Indeed, aberrant PI3K signaling has been implicated as a potential mechanism of endocrine resistance, with upregulation of AKT signaling and acquired sensitivity to mTOR inhibition. The mTOR inhibitor everolimus has been beneficial in the treatment of advanced breast cancers resistant to endocrine therapies [70]. In tamoxifen-resistant xenografts, treatment with everolimus alone or in combination with tamoxifen resulted in a cytostatic response; in contrast to combined fulvestrant and everolimus, which resulted in significant regression [68]. Increased activity of the PI3K pathway is also associated with basal-like breast cancers. The treatment of a panel of PDXs representing multiple triple-negative subtypes with mTOR inhibitors led to significant tumor growth inhibition but no tumor was eradicated, indicating the need for testing combinational therapies in future investigations [71]. Resistance to mTOR inhibition has been proposed to reflect AKT activation through a negative feedback loop. This has been investigated in PDX models of basal-like breast cancer using combined mTOR and AKT inhibitors. Synergy was demonstrated, with an even more dramatic reduction in cell proliferation and tumor growth following knockdown of PTEN [56]. Given the prevalence of PTEN-inactivating mutations in patients with basal-like breast cancer, this therapeutic approach could be explored further.

PDX models are showing increasing utility for the identification of mechanisms of resistance and potential targetable pathways. For example, reverse phase protein assay analysis in combination with an integrated bioinformatic model established upregulation of the PI3K/Akt/mTOR signaling pathway as a candidate driver of resistance to anti-angiogenic agents [72]. Moreover, PDX models can be used to create resistance models for preclinical research. Prolonged exposure to cisplatin in high-grade serous ovarian cancer has led to the generation of platinum-resistant models [73], while continuous vemurafenib treatment led to the development of a resistant BRAF-mutated melanoma PDX model and the identification of a new treatment strategy [74]. In the case of breast cancer, continuous treatment of HER2-amplified PDX models with trastuzumab could provide a useful preclinical tool to eventually overcome HER2 resistance through the identification of culprit pathways.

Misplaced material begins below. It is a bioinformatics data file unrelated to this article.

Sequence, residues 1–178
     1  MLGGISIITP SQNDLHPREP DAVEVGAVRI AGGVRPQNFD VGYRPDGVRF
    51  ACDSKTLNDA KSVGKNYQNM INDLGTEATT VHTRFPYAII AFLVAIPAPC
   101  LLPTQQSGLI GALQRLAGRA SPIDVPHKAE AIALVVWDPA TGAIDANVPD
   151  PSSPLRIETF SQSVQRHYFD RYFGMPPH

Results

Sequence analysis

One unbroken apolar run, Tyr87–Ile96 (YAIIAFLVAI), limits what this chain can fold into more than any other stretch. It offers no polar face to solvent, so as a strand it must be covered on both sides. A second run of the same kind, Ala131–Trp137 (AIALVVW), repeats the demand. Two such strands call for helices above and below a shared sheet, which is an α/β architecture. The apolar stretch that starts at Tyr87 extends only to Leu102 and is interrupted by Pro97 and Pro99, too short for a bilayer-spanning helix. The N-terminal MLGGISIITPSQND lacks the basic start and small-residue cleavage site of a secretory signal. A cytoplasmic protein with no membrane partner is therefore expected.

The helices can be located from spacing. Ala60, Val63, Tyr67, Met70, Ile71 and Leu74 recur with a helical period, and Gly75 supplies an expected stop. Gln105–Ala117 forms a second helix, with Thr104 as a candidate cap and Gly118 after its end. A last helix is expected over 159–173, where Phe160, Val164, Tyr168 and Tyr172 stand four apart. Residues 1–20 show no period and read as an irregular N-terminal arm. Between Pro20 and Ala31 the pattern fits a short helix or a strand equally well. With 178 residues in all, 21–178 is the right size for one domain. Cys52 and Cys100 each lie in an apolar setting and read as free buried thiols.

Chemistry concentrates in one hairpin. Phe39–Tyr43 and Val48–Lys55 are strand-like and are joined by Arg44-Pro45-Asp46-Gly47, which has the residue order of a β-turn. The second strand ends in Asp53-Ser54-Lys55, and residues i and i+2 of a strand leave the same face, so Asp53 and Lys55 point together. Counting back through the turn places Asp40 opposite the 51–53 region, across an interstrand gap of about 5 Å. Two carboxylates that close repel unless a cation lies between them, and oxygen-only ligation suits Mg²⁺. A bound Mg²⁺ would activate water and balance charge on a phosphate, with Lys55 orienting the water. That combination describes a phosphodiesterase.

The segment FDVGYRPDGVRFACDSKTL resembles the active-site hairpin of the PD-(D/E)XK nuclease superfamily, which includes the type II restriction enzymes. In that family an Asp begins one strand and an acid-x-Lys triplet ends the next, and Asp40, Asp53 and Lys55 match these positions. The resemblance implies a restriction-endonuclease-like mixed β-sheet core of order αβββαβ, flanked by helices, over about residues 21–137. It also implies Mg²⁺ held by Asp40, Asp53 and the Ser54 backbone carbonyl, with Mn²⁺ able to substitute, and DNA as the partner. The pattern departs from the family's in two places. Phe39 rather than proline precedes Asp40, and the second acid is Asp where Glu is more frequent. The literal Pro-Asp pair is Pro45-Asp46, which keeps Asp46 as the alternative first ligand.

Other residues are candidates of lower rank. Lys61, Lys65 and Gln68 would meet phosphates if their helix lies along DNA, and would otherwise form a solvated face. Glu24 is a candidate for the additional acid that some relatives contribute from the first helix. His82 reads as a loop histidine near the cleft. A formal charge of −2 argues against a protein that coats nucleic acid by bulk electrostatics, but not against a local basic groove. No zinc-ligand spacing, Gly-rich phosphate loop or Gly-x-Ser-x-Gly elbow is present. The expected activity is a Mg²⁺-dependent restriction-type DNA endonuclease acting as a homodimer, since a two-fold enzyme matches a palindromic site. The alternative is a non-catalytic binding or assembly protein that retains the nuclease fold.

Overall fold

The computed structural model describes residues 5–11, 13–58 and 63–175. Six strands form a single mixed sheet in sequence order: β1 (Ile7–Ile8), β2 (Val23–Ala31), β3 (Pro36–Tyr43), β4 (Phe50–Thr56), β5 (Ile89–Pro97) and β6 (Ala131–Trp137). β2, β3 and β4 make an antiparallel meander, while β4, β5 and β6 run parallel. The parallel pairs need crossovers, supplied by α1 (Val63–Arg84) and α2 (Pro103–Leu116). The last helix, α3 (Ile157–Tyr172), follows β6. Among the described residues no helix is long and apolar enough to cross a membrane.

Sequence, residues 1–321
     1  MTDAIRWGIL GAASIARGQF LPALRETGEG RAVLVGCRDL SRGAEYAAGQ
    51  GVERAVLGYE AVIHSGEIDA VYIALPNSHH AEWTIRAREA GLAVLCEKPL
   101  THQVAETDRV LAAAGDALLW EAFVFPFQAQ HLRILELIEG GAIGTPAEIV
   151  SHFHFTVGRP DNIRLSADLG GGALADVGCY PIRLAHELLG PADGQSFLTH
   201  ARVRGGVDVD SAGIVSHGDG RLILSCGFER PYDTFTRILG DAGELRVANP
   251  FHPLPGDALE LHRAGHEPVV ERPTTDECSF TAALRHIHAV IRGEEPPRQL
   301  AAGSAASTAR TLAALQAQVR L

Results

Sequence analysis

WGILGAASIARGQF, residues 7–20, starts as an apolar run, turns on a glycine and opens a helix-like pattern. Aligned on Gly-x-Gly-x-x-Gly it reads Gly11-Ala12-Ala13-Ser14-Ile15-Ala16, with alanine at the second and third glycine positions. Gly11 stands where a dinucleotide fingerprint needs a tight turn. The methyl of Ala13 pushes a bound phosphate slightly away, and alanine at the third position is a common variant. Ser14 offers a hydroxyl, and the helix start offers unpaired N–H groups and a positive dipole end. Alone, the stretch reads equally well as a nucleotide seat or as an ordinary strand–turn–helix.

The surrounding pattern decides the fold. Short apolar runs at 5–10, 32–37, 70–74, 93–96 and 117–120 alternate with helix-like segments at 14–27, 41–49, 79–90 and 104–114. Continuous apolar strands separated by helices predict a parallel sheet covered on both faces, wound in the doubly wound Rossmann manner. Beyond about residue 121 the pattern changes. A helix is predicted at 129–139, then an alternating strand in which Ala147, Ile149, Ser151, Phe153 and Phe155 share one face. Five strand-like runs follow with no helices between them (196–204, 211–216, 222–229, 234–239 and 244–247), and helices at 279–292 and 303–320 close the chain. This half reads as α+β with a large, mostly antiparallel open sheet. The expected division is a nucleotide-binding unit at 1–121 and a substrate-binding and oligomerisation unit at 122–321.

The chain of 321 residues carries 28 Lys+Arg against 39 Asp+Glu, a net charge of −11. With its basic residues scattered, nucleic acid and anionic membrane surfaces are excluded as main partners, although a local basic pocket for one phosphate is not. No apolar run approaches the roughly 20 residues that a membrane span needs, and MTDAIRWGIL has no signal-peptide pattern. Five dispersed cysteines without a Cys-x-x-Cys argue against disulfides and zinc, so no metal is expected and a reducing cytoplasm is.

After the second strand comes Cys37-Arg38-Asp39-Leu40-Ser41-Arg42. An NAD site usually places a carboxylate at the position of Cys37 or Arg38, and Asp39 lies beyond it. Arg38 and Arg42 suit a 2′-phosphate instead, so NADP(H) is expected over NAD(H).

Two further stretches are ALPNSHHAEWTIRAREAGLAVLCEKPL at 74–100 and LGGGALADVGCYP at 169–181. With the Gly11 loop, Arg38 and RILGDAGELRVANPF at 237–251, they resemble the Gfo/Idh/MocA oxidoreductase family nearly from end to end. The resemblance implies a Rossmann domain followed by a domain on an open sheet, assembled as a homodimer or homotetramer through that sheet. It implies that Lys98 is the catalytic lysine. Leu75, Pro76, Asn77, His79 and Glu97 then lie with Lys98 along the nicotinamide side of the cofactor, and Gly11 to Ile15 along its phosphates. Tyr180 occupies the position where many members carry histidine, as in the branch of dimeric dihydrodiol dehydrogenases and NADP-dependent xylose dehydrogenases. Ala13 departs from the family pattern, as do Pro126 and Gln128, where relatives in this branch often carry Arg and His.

Clinical correlates and patient-derived xenograft models

The most relevant data on the power of PDXs will ultimately derive from direct comparison of a patient’s clinical response with that of the corresponding PDX to the same drug (Figure 3). Although limited in number, similarities between patient outcome and PDX responses have been reported. High concordance was observed between the clinical response and the corresponding xenograft model in 12 out of 13 cases, although these represented resistance to therapy [32]. In another study, five of seven xenografts predominantly from high-grade, triple-negative tumors demonstrated a concordant response [27]. Similar observations have been made for other solid malignancies including high-grade serous ovarian cancer for platinum sensitivity [75].
Figure 3

Idealized personalized medicine strategy integrating data from mouse patient-derived xenograft models with patient treatment. Rather than directly assigning breast cancer patients to standard therapy, patients are treated on the basis of genomic and gene expression analyses. Blood from the patient is used as a reference for copy number alteration (CNA) analysis. In parallel, tumor fragments are xenografted into mice to establish a patient-derived xenograft (PDX) model. The patient tumor and their corresponding PDX tumor at transplant 3 (T3) undergo comparative genomic and gene expression analyses. Mice are treated with inhibitors (chemotherapy, antibodies or small molecules) based on initial genetic analysis of the patient tumor, in order to identify/validate the agents to be used for clinical treatment and to identify refractory tumors. If relapse occurs, re-biopsy and analysis of the metastatic/recurrent tumor together with the refractory PDX model could be used to reveal pathway activation. A database of mutations, expression profiles, and tumor response from multiple patients can be created to guide therapy for future patients. Rx, treatment of patient.